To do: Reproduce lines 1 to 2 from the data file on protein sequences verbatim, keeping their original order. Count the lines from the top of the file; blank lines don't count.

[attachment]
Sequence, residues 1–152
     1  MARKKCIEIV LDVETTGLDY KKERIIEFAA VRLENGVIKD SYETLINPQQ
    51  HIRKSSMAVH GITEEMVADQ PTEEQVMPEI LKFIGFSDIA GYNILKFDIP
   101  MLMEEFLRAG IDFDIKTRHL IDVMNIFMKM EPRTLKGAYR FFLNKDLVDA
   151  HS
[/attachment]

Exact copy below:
Sequence, residues 1–152
     1  MARKKCIEIV LDVETTGLDY KKERIIEFAA VRLENGVIKD SYETLINPQQ